While I haven’t been to a pajama party in ages, I can always attend one vicariously, whenever I pick up a cozy mystery.

What’s your favorite cozy mystery?

  

Everyone agreed that the highlight of the sleepover was when the uninvited T-Rex sneaked in to wreak havoc, but wound up staying and having a good time when the bunny started telling ghost stories.

Pajama party image from fbccranbrook.org. Son of Svengoolie from Pinterest. Book cover from somewhere on the internet. Other photos by L. Marie. Squeezamals are a product of Beverly Hills Teddy Bear Company. Pop Hair Pets are a product of MGA Entertainment. The T-Rex came from Bath & Body Works.

Wanna Be Relevant? Be Yourself

Basically, the moral of this story is in the title of the post. But allow me to elaborate if you have a little more time.

Yesterday, my younger brother asked me, “What are you doing to make yourself relevant?” (This is the same brother who convinced me to start a blog.) He didn’t elaborate on what he meant, however, so I didn’t answer. But I thought about his question today as the spring snow flurries gently wafted to the ground. (Yes. Snow flurries.) I knew he meant relevant to my audience, which covers kids elementary age through high school.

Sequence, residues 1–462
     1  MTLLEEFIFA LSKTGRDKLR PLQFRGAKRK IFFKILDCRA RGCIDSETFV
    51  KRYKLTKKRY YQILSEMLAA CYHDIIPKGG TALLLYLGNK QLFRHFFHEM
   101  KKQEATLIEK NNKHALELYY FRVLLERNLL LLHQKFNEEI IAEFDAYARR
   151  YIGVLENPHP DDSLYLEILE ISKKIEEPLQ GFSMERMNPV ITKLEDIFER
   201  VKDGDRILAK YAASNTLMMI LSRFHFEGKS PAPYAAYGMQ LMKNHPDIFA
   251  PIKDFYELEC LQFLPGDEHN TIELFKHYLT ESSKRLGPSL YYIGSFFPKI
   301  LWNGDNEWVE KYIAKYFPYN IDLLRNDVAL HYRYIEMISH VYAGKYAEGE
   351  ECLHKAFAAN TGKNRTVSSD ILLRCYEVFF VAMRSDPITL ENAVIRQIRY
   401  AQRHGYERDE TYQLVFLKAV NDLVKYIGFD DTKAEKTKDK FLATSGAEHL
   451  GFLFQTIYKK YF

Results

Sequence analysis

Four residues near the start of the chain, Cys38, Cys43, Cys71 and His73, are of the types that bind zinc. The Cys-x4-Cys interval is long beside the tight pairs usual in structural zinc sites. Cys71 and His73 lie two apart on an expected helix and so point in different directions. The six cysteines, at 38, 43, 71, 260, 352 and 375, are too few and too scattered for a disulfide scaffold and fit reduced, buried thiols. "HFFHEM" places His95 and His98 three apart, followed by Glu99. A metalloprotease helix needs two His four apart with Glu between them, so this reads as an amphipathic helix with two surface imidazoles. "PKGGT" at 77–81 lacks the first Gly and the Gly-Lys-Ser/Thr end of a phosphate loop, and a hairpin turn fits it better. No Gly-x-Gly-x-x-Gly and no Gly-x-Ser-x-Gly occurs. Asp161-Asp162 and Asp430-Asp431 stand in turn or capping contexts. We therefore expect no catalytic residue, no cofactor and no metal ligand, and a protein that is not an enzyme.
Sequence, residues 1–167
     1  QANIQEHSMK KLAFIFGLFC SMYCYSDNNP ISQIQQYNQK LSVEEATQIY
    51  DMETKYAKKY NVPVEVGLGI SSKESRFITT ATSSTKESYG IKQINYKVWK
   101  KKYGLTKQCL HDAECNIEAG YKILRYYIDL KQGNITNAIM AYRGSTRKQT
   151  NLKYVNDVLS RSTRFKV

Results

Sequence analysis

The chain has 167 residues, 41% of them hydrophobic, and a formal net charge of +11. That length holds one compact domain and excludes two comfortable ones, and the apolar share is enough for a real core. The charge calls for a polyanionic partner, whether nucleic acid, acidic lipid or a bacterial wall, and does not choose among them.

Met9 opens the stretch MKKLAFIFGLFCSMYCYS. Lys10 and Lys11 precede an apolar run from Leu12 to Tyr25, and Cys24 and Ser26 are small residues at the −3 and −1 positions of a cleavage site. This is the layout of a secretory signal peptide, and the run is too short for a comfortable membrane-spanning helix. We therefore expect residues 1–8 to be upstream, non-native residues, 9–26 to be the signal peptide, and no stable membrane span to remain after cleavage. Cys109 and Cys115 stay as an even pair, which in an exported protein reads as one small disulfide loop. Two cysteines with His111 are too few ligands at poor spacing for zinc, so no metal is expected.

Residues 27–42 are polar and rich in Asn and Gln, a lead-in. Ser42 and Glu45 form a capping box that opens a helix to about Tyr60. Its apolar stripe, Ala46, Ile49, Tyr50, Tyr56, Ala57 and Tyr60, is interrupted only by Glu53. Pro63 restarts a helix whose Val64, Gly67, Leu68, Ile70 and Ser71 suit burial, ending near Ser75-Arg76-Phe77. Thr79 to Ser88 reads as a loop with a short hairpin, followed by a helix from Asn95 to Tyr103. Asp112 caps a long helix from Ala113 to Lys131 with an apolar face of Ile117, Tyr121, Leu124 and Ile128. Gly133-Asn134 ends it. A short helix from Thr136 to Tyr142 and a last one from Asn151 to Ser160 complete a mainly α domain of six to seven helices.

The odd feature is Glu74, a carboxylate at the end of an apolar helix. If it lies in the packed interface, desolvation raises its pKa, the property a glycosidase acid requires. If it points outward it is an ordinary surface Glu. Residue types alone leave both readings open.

My thoughts on the subject ran thusly: If I really wanted to be relevant I would have a YouTube Channel like John and Hank Green. Yeah, I wish. (If you’re not sure who the Greens are, click here for one of their channels or here for a bio.)